Order P7. Now he states that they negatived the plea of mala fides.If that were so it is passing strange why he did not use them torefute the allegations made before the Advisory Board. On thecontrary he advised his Counsel that no material was available tohim to contradict the allegations of the Companies which specifical-ly included an allegation of mala fides. He either deliberately keptthem away from the Board or he did not at the time believe inthe truthfulness of-the contents of those documents. Perhaps it isthe latter. I am inclined to this view because of the evidence ofWeeraratne before the Board which suggested that the joint reportP3 was merely a cover for the real reason and the .fact that theMinister had in his possession and was aware of and even discussedwith his colleagues the documents he now relies on. Furthermoreno party to a proceeding should be allowed to play fast and loose inthis manner. The Board is a statutory body meant to be a safe-guard, though not a wholly effective one, against wrong or caprici-ous vesting of private property by the use of the Statute. It has animportant role to play in the scheme of the Statute and its findingsand its advice must not be lightly treated. The legislature's intentionin establishing this Board is a salutary one. It intended that an im-partial and independent body should inquire and advise on the pro-priety or otherwise of a Vesting Order. The findings of fact by theBoard impel one to the conclusion that the documents tendered insupport of the bona fides of the vesting on P2 are in fact a cover forthe real reason as stated by Weeraratne. The Court of Appeal hasrejected them for the reason that they were not produced by theMinister when the first opportunity presented itself—that is before. the Board — and therefore they were not subject to scrutiny by theCompanies and the Board. This is an added reason for not acceptingthem now. The material placed before the Court establishes theallegation of mala fides in the vesting on P2„ The vesting on P7,‘linked as it is to P2, is therefore null and void. Courts have always. acted to grant redress in cases such as this (See De Smith's JudicialReview of Administrative Action” Edn 4 pages 335-337 and thecases cited therein.) The Writs of Certiorari issued by the Courtof Appeal must stand.
A clue to the volte face of the Minister is to be found in Han-sard P11 of the 4th January, 1979. In the course of a debate inParliament on the Land Acquisition (Amendment) Bill the Member
Sri Lanka Law Reports
(1981j 1 S.L.R.
of Parliament for Kankesanturai queries why these businesses hadnot been handed back to the previous owners in spite of the Board'sfinding that the take-over "was an unfair act of political victimiza-tion". The Minister of Irrigation, Power and Highways gave thereason thus:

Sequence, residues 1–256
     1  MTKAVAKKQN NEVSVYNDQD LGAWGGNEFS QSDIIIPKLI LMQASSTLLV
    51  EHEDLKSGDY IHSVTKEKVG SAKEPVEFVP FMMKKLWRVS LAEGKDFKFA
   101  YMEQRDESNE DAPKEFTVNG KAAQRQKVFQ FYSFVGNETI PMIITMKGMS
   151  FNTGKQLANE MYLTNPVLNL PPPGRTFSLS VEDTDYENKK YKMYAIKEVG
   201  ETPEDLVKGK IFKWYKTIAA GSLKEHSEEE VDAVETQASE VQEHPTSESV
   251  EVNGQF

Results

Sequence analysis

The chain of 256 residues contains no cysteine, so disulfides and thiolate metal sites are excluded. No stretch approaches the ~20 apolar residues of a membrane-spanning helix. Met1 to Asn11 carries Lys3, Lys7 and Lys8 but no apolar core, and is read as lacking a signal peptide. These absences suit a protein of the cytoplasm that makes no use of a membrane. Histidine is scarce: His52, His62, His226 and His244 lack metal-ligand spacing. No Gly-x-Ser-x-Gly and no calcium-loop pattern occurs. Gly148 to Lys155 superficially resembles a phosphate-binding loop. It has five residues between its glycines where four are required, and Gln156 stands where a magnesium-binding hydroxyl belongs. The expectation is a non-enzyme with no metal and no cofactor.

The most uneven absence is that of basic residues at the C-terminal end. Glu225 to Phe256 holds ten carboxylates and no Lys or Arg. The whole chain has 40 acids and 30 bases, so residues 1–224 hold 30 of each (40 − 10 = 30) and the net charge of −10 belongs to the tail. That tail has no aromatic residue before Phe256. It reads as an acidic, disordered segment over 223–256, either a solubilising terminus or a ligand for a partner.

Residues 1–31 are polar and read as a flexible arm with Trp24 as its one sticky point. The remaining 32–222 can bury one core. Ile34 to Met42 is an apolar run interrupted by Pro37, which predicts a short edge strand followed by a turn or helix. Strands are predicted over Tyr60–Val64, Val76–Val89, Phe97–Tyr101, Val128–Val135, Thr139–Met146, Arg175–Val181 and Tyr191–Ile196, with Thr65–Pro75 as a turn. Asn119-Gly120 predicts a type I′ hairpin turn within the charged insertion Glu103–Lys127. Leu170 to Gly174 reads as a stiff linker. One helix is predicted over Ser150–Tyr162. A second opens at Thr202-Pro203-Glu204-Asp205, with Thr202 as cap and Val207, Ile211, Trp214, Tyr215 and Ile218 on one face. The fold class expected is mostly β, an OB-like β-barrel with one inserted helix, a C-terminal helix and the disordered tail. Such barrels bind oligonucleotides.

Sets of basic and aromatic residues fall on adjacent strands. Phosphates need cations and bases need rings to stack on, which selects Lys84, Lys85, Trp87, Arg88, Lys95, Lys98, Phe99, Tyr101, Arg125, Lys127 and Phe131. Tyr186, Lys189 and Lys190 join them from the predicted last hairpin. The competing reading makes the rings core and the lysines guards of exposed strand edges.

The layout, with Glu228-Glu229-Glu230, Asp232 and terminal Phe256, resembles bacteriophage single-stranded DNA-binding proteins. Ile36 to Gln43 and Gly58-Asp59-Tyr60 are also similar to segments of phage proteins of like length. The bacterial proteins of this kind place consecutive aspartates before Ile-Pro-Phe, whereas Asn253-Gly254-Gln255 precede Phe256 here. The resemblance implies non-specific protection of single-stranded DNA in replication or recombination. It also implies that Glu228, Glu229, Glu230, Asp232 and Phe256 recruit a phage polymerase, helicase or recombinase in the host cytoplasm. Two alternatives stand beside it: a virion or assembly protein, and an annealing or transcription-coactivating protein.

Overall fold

"The Government has to decide as a matter of public policywhether it should implement the findings of the committee.In this particular case, we had a problem. The entire labourunion was against the handing over of this particular businessenterprise back to the former owners. Besides, the Hon Minis-ter concerned was able to satisfy the Government that this,business was better under public management than under pri-vate management. On that there was a difference of opinion,I think. As to whether it should be handed back or not, ulti-mately the Government decided that it was not going to handit back. But, of course, the owners would get compensation infull for the take-over of this business. In fact, the Governmentoffered to the former owners an opportunity of collaborationon the basis of 49 per cent and 51 per cent, which theyrejected."
The Minister gives a different reason. In paragraph 21 of hisobjections he gives his reasons as follows:
"The said decision not to revoke the said primary vestingorder dated 6th September 1977 was necessitated by reason,inter alia, of the government's policy of industrial direction, theco-ordination of the production and supply of necessary com-modities, furtherance of governmental policy relating to themanner of utilisation of industrial labour, the maintenance ofreasonable price levels, and in the fulfilment of the publicinterests."
The two reasons do not tally. I need say no more.
In view of my findings on the allegation of mala tides I do notconsider it necessary to review the decision of the Court of Appealbased on the allegation that natural justice had not been done. Thatmatter will remain open.
Wanasundera, J.-| agree
Victor Perera, J.—I agree
J. B. TEXTILES INDUSTRIES LTD v. MINISTER OF FINANCE AND PLANNING